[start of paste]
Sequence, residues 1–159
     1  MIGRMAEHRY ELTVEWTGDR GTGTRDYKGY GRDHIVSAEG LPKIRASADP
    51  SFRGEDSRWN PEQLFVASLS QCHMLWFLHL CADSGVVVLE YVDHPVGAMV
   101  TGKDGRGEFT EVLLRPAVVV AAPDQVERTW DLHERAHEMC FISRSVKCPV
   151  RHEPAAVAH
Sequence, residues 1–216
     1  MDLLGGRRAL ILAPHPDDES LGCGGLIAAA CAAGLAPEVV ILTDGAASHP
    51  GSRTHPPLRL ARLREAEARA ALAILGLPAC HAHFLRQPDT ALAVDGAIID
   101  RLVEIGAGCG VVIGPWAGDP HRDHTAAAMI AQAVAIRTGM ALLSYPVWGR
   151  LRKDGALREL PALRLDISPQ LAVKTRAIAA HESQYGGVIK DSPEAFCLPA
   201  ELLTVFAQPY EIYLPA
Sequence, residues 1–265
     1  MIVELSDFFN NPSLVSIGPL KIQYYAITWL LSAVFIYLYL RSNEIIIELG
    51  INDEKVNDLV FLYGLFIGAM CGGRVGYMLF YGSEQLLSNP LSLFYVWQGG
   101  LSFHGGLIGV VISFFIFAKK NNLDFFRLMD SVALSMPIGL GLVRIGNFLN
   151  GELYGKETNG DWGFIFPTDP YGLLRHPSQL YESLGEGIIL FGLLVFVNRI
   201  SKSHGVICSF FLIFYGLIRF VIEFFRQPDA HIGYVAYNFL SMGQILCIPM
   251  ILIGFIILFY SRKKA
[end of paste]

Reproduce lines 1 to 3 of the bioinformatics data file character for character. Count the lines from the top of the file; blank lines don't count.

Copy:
Sequence, residues 1–159
     1  MIGRMAEHRY ELTVEWTGDR GTGTRDYKGY GRDHIVSAEG LPKIRASADP
    51  SFRGEDSRWN PEQLFVASLS QCHMLWFLHL CADSGVVVLE YVDHPVGAMV